Auto accidents often lead to unpleasant encounters with insurance companies
After an accident it might be wise to go to the hospital and call a lawyer
Monday, January 14, 2013
Being in an auto accident is a traumatic event. Even if no one is seriously hurt there can be lasting repercussions, especially if you encounter resistance during the insurance claims process. And that appears to be happening a lot, industrywide.
Diana, of Fresh Meadows, N.Y., reports being in an accident on November 29.
"I was making a left turn in the proper turning lane when a minivan struck me on the right hand side attempting to make a left turn from a middle lane," Diane wrote in a recent ConsumerAffairs post. "Laws of driving, we know this is not allowed!"
Geico insured them both
To make matters worse Diana said the driver of the other car left the scene, but not before she got the make of the car and the license number. She phoned the police and initiated an accident report. She said she also called her insurance company, Geico, providing pictures of her car at the scene. Police quickly tracked down the other driver and Diana assumed all was well. But, she said, the other driver was also insured by Geico.
"Geico inspected the other party's car and found that he had past damage to his minivan but there was no concrete evidence that he had hit my car and now is denying the accident ever happened," Diana writes. "Now he is saying he never touched my car. I have the paint on my car still to prove it and pictures. Geico wants to dismiss this case."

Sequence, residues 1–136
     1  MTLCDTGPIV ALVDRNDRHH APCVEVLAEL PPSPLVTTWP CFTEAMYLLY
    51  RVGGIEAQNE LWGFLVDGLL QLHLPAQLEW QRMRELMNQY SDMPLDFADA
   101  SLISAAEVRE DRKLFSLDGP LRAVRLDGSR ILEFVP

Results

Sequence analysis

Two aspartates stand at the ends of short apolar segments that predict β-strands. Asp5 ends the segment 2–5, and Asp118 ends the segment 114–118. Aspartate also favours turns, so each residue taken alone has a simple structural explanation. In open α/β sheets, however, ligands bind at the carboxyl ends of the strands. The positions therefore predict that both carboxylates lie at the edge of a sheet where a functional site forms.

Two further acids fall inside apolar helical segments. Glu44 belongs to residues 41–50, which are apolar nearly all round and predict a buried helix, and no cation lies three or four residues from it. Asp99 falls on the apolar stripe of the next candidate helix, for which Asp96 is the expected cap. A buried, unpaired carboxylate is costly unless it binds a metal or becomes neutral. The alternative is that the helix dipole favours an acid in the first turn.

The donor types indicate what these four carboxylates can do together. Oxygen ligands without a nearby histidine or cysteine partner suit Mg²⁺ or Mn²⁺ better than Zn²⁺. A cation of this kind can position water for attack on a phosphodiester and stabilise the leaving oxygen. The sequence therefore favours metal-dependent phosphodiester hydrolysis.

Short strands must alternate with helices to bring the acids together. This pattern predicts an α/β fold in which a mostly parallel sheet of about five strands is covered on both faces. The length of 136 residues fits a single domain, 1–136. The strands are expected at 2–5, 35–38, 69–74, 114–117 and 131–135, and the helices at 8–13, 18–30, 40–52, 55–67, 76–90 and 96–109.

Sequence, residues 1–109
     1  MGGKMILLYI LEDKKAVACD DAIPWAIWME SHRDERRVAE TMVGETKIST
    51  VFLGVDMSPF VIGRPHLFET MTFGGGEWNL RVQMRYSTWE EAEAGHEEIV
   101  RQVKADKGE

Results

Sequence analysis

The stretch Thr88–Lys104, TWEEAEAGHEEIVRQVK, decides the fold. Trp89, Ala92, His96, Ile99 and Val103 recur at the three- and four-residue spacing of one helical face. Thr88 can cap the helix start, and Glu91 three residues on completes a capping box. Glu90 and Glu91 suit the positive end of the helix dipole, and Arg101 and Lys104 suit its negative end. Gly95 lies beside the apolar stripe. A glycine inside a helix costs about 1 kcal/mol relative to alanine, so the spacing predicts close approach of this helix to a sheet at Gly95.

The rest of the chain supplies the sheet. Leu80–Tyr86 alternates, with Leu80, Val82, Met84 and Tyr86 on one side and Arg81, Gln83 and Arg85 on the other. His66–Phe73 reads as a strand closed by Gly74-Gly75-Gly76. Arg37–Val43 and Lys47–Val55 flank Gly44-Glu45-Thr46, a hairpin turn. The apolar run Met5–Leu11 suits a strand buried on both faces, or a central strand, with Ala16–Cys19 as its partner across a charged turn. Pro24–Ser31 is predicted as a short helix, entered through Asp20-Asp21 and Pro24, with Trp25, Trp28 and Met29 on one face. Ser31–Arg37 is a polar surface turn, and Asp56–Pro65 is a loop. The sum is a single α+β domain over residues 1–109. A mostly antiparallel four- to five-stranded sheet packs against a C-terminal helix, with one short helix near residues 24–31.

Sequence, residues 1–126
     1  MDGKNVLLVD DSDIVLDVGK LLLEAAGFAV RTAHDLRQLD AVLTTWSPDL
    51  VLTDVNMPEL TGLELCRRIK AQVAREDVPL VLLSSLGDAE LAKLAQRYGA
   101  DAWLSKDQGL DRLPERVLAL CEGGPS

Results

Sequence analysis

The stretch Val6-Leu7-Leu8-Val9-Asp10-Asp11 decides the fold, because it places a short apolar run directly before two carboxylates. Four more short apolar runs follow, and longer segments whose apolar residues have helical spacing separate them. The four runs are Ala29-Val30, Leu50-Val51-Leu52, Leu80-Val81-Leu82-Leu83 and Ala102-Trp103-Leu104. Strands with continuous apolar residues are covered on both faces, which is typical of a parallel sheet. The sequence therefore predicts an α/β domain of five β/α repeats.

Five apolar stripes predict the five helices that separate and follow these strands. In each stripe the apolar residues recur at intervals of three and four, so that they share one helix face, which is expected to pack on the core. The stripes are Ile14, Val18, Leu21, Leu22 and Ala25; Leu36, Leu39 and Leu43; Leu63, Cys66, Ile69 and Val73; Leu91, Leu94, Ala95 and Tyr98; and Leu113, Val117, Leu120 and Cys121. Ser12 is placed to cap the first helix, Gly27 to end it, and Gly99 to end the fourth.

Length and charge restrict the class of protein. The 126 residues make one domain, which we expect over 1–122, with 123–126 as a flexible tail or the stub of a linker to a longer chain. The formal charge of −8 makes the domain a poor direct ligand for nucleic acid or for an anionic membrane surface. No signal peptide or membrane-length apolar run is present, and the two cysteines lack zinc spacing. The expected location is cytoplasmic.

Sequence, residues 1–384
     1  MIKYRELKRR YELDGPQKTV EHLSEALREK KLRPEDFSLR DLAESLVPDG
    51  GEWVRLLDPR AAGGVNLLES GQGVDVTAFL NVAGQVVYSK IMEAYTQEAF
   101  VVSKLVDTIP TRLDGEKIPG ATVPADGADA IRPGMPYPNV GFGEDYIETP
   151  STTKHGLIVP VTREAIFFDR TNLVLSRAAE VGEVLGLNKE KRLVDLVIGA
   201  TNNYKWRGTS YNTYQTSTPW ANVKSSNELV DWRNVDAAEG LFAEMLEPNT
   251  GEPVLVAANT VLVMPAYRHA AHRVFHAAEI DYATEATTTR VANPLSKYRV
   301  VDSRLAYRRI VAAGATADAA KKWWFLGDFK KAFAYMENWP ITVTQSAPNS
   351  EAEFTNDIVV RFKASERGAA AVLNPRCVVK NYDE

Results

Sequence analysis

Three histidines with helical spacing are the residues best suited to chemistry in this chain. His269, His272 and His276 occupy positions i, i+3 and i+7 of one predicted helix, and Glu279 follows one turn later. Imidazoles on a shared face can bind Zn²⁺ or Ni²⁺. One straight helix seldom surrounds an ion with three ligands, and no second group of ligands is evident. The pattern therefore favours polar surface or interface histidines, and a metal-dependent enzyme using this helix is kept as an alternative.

Takeisha, of Ft. Lauderdale, Fla., writes that she was also involved in an accident. Though she says she was not at fault the company insuring the other driver initially refused to pay. She said she was forced to cover the repairs out-of-pocket until she was finally reimbursed. But it turned out she wasn't finished paying.
"I had zero fault for the accident yet my insurance premium at Allstate is now more than 200 percent more than it was before the accident," Takeisha wrote. "I have a good driving record. I am over 40 yet my premium is like that of a teen driver. I have paid for insurance and never used it . Why am I being penalized for something beyond my control?"
J.B., of Richmond, Va., reports a two-year wrangle with Progressive after a serious accident injured both him and his children.
"Progressive attempted to allow the statute of limitations to run out, thereby having no obligation to pay me a dime," J.B. wrote. "I had to file a Warrant in Debt to wrangle a settlement from them, which did produce a low ball offer, and they would not offer more."
J.B. said he went to court to get a higher settlement and said the court granted it, but that the company has yet to pay. His advice to those who get in an accident:
"Get a lawyer, day one," J.B. wrote. "That is the way the lawyers have written the statutes, ensuring their own business."
Lawyers at Lane & Lane, in Chicago, would probably agree with that advice. In the firm's blog, attorneys also recommend that you go to the emergency room, even if you don't feel hurt.
Getting immediate medical attention creates a paper trail you will need should things go sour with the insurance company, as an increasing number of consumers have found.
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